The attacks have been spearheaded by Attorney General María Consuelo Porras. Porras took office in 2018 and was renominated by Giammattei as attorney general for a second four-year term in 2022, despite numerous allegations of corruption. Since taking office, she has continuously blocked and subverted corruption investigations in Guatemala to safeguard her political allies and curry political favour. Protesters are determined to see Porras removed from her position, but she has refused to resign. Giammattei in turn claims he is unable to fire her without interfering in her investigations. This is a convenient stance for him to take as Porras has been widely viewed as undermining the elections in service of Giammattei and his allies.
Protesters in stalemate with Giammattei administration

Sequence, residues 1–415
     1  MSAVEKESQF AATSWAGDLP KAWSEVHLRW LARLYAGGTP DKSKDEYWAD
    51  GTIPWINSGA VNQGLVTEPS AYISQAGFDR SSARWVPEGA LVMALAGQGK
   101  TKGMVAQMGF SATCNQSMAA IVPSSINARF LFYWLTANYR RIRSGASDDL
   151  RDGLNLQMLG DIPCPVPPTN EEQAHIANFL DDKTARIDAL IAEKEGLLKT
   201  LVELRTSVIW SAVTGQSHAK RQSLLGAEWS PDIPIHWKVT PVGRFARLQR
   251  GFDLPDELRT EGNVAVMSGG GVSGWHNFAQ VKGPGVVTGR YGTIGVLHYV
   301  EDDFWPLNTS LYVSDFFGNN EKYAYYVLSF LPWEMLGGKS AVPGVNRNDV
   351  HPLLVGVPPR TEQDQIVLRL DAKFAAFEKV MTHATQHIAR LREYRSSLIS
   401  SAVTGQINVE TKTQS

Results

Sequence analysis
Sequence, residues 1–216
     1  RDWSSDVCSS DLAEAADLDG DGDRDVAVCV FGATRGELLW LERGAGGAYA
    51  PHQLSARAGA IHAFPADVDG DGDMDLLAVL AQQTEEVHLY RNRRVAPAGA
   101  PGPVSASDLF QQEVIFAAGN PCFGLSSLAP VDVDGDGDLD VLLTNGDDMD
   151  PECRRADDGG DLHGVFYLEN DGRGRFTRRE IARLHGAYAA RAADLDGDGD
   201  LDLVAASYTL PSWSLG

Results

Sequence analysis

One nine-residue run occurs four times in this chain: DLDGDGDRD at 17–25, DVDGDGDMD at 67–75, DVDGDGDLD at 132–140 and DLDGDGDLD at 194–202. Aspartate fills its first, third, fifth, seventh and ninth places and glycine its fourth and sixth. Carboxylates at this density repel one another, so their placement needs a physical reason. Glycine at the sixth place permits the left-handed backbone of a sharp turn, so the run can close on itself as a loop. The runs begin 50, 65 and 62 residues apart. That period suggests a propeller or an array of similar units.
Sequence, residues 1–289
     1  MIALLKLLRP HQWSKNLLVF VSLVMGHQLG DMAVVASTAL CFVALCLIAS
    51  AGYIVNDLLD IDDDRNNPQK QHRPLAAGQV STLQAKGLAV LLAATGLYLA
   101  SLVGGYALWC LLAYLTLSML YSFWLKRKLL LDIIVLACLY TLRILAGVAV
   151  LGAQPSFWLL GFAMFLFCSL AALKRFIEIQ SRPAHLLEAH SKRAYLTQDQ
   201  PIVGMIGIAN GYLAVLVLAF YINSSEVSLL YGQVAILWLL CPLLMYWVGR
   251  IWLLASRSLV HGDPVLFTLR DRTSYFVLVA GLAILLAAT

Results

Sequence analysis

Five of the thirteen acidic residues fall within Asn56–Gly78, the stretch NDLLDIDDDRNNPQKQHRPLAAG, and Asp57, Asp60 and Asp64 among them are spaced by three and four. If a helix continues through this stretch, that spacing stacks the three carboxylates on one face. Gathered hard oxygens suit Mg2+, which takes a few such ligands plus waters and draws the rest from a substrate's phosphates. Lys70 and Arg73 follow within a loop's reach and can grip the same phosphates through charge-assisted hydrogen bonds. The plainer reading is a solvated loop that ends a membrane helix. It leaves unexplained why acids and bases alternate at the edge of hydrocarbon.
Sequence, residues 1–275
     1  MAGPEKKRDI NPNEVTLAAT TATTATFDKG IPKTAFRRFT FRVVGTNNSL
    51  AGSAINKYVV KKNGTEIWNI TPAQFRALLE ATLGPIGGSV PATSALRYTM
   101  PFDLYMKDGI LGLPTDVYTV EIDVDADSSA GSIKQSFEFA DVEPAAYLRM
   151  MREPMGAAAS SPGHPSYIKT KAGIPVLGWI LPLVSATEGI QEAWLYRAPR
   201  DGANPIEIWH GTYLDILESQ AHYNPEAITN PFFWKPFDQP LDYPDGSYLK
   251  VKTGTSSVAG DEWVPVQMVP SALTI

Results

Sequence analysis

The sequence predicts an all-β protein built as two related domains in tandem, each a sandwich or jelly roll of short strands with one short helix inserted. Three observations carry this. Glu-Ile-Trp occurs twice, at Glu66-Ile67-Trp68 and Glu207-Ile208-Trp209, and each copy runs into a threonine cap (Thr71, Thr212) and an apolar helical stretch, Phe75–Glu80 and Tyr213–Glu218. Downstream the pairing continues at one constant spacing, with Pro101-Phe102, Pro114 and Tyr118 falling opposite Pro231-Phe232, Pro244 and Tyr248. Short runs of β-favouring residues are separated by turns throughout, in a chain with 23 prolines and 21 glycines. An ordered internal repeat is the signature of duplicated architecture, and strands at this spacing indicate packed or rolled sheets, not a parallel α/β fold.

In response to the ongoing political attacks on Arévalo’s party and the electoral process, in the first half of October, protesters comprising thousands of farmers and members of indigenous groups established more than 120 roadblocks around the country, blocking traffic, closing shops and subsequently disrupting the supply of fuel and food, bringing the country to a standstill. According to Luis Pacheco, the head of 48 Cantones de Totonicapán, one of the largest indigenous organisations in the country, the aim of the protests was to paralyse the country indefinitely. But, while protesters are on track to bring this mandate to fruition, Giammattei’s administration has maintained its stance and refused to concede to the demands of the protesters, warning that riot police will forcibly dismantle or remove roadblocks. The deployment of police has escalated the protests, causing clashes between police and activists.
Limited impact of previous anti-government protests